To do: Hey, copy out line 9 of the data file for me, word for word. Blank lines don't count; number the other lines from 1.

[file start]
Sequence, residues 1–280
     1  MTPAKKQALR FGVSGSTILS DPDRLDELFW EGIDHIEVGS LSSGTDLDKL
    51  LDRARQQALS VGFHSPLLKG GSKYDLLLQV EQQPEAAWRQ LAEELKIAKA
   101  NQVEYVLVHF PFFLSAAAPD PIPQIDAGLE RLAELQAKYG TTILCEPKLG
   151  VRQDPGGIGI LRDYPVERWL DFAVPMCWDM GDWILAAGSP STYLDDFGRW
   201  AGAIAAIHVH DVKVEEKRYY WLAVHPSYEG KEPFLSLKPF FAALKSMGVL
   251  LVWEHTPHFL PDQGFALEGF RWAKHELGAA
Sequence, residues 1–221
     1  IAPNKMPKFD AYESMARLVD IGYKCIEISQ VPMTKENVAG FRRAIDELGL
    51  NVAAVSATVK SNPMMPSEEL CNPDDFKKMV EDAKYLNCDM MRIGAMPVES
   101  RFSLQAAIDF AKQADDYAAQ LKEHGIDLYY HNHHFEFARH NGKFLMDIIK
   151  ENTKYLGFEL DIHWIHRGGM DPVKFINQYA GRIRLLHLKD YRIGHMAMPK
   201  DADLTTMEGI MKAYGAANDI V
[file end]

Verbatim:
     1  IAPNKMPKFD AYESMARLVD IGYKCIEISQ VPMTKENVAG FRRAIDELGL